|Review: Doctor Butcher - Doctor Butcher|
Label: Black Lotus Records
Year released: 2005
Genre: Heavy Metal
Review online: August 13, 2005
Reviewed by: Michel Renaud
Rated 4.1/5 (82%) (10 Votes)
Chris Caffery sure is keeping himself busy this year. This, however, is not a new Doctor Butcher album but rather a re-issue of the self-titled album released in 1994. That band was a self-project he started with his Savatage bandmate Jon Oliva, simply to have some fun and not play by any rules. Well, they sure did that. While this album has a lot of great songs, it does have some skip button material as well - albeit not too much. Songs such as "Don't Talk To Me", "Reach Out To Torment Someone" and "I Hate, You Hate, We All Hate!!!" suffer from a mix of weird beats and some awful vocal melodies that not even Jon Oliva can save from sucking. Well I'm sure some people will dig them, just like some people dig newer In Flames or Soilwork (the aforementioned songs are better than that junk, I'm merely giving examples here), but for me this ruined the listening experience a bit.
So what we have here is a 2CD release. I think it's important to note that this is a re-issue done the way it should be: The bonus material is on a separate CD. I often found that some re-issues broke the mood of the original album by having demo or live songs at the end. The second CD contains a "new" song, "Inspecter Highway". It was actually written back in 1993, but not recorded. This is a very good song that I wish would have replaced one (or even all three) of the "stinkers" I mentioned. It is much more in the "heavy Savatage" style like the good songs on the album - no weird beat, powerful, harsh vocals but still catchy. The other songs are from the original demo CD, and again this is material that has more lasting power.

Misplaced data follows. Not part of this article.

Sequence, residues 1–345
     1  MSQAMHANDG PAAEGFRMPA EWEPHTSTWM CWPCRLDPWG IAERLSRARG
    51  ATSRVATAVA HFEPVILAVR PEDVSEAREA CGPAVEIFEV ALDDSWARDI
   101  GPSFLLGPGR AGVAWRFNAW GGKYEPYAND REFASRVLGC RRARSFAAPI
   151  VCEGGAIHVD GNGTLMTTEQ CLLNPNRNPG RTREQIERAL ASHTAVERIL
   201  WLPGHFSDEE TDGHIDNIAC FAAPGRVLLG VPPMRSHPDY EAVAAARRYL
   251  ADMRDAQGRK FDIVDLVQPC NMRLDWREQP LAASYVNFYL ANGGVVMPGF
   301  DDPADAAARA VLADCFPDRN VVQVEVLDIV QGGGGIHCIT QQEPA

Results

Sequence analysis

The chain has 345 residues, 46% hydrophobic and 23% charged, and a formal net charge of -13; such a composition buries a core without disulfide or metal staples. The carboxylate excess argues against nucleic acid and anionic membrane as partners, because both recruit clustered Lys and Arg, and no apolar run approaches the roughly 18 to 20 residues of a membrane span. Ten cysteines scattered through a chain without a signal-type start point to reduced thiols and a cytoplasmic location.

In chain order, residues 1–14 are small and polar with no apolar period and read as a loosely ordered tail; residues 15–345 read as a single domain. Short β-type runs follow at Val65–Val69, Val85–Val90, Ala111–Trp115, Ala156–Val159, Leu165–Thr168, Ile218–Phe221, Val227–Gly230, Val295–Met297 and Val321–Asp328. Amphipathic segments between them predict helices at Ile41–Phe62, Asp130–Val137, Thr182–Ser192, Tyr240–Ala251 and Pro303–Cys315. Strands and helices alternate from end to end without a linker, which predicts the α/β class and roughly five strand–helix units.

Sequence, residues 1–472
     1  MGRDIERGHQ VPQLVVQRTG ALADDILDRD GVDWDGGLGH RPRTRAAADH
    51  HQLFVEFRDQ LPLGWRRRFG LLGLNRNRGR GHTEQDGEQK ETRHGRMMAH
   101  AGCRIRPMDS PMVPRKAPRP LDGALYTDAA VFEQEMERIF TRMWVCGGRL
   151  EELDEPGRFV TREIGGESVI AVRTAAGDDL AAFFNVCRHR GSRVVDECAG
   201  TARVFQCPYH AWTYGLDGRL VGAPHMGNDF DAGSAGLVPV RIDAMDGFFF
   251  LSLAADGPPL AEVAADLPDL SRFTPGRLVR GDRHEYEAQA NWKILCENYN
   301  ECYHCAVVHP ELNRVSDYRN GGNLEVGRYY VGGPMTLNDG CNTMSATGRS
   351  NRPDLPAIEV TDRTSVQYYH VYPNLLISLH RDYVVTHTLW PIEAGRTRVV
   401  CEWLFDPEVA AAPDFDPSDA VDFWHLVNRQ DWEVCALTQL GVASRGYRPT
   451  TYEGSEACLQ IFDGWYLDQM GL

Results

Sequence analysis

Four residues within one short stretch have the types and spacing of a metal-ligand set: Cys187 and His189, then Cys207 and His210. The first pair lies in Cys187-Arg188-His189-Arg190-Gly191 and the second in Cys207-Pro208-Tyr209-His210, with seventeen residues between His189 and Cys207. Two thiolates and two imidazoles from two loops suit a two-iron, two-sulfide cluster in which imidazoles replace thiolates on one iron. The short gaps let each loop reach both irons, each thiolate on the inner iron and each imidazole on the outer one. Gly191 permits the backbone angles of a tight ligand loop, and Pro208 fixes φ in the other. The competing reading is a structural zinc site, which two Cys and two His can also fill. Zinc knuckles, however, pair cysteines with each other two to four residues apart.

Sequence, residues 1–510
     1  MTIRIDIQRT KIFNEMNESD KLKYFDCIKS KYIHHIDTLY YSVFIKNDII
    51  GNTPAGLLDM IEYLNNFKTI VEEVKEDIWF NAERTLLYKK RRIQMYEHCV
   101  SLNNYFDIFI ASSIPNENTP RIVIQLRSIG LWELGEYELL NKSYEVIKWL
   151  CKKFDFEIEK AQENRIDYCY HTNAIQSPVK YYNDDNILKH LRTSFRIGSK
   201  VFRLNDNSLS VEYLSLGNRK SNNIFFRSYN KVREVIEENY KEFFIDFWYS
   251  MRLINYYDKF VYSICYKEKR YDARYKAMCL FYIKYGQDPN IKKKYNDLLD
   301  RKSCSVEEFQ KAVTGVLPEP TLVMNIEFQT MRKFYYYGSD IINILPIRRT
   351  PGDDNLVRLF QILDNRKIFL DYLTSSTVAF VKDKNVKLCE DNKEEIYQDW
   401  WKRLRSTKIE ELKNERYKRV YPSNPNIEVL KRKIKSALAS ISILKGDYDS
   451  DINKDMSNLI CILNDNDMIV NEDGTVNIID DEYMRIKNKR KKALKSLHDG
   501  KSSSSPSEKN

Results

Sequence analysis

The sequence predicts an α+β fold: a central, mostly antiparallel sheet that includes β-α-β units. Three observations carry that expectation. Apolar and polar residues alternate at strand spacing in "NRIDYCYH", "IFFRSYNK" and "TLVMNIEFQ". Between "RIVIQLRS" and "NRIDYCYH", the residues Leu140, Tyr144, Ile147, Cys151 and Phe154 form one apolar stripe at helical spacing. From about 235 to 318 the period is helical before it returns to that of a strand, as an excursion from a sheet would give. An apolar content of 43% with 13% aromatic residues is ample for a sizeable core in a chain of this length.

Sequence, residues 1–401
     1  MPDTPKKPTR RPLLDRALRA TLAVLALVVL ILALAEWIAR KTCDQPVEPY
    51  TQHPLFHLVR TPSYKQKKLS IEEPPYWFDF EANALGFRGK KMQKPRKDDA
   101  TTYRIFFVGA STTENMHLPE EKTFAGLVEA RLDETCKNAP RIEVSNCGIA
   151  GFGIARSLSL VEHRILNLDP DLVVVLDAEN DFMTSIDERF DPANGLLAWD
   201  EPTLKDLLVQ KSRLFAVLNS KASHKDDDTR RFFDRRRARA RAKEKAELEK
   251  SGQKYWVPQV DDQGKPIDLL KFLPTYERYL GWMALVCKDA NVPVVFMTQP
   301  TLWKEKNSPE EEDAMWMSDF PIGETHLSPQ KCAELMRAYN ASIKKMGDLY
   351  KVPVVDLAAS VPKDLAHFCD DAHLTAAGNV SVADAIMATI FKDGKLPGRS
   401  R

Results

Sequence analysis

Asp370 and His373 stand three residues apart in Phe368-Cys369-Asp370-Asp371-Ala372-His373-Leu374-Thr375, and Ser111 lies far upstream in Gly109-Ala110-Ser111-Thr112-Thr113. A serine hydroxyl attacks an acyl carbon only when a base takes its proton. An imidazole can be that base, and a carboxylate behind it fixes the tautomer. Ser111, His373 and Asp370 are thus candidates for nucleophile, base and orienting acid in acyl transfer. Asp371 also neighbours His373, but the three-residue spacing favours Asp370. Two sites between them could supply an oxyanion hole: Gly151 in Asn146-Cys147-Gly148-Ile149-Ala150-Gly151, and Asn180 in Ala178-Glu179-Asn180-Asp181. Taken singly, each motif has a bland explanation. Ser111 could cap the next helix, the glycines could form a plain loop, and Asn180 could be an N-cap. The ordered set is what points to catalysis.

"Heavy Savatage" is an accurate description for Doctor Butcher. Not as... "easy listening" (in the metal sense of the term anyway) as Savatage, but sharing quite a few core elements. Jon Oliva's vocals and Caffery's guitar shredding are top notch, even to some extent when they start screwing around on the few weird tracks dispersed between more straightforward traditional metal such as "The Altar" (some great vocal work on this), "Season of the Witch", "Innocent Victim" and "Inspecter Highway", and all the demo songs. The demo material is understandably not as polished as the songs from the album, but the sound is actually quite good. The songs are a bit on the darker side, compared to the album which has a sensibly more accessible side.
Despite a few odd tracks, this is a very enjoyable release. Lots of would-be classic material to be found here, many of the songs haven't aged a bit. The bonus CD is not only a nice addition, I actually like it better than the album itself - the songs have more guts, are "more metal" and also devoid of skip button material. An album well worth checking out.
Originally released in 1994
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